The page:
Learning the Rubber Hand Illusion: Implications for Dissociative PTSD Patients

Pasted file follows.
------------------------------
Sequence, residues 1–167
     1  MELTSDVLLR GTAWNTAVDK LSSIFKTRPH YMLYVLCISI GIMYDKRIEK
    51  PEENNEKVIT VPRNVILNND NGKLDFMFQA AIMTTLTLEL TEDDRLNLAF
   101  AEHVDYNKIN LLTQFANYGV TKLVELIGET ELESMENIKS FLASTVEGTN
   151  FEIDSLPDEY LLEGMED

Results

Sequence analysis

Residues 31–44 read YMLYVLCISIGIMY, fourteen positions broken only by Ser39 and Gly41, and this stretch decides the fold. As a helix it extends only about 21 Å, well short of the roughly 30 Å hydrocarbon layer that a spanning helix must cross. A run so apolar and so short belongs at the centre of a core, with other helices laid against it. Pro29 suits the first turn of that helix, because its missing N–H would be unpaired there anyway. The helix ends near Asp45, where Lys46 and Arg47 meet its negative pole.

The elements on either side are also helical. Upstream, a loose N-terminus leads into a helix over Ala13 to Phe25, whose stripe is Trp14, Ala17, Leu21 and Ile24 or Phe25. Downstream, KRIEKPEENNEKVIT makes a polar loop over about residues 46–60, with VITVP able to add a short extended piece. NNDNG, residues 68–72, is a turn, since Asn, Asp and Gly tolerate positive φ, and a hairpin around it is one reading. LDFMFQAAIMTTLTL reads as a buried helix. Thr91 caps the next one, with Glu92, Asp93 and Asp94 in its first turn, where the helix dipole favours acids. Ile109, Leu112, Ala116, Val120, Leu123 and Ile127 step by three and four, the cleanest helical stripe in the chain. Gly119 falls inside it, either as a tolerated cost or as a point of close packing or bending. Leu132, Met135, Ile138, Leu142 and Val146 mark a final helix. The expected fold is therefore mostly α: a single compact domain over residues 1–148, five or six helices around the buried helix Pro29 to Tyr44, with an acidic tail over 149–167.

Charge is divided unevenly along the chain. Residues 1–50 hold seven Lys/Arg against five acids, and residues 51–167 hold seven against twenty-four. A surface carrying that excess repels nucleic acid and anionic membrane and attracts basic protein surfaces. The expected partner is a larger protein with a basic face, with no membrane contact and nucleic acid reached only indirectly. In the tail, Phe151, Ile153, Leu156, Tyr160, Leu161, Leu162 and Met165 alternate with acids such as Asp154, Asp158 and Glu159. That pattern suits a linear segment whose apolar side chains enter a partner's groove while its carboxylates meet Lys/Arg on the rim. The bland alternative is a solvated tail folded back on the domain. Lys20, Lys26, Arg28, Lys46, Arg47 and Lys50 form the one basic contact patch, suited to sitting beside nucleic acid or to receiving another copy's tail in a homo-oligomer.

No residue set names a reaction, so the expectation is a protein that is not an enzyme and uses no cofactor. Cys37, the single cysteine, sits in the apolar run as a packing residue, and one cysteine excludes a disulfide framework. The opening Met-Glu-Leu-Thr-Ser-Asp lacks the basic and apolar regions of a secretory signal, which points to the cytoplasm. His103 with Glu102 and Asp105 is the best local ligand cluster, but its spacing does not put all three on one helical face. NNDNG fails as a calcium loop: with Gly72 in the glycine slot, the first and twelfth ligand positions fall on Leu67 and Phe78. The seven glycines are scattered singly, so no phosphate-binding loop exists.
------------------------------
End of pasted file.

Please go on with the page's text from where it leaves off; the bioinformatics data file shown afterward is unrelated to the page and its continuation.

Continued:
The Rubber Hand Illusion (RHI) elicits the internalization of an external stimulus. To date, the RHI has been used to better understand body ownership in healthy controls and in specific pathologies, but has not yet been assessed in dissociative PTSD (d-PTSD) patients. Moreover, most studies having utilized a one trial experimental paradigm, did not follow the learning process of the RHI. The aim of this study was to assess the learning process of the RHI in d-PTSD patients, as compared to schizophrenia patients (SZs) and to healthy controls. Nineteen d-PTSD patients, 30 schizophrenia inpatients and 30 healthy controls underwent five different trials of the RHI over a two-week period. Significant interactions between group and trial emerged for start time and for illusion strength. D-PTSD patients showed an initial faster and more intense reaction to the illusion, compared to both other groups. However, throughout the learning process when no traumatic feelings arose, they corrected themselves and resembled the healthy controls. These findings might represent inappropriate activation and deactivation of both the Task Positive Network and the Default Mode Network in d-PTSD patients and may shed important light on neural functioning in d-PTSD patients.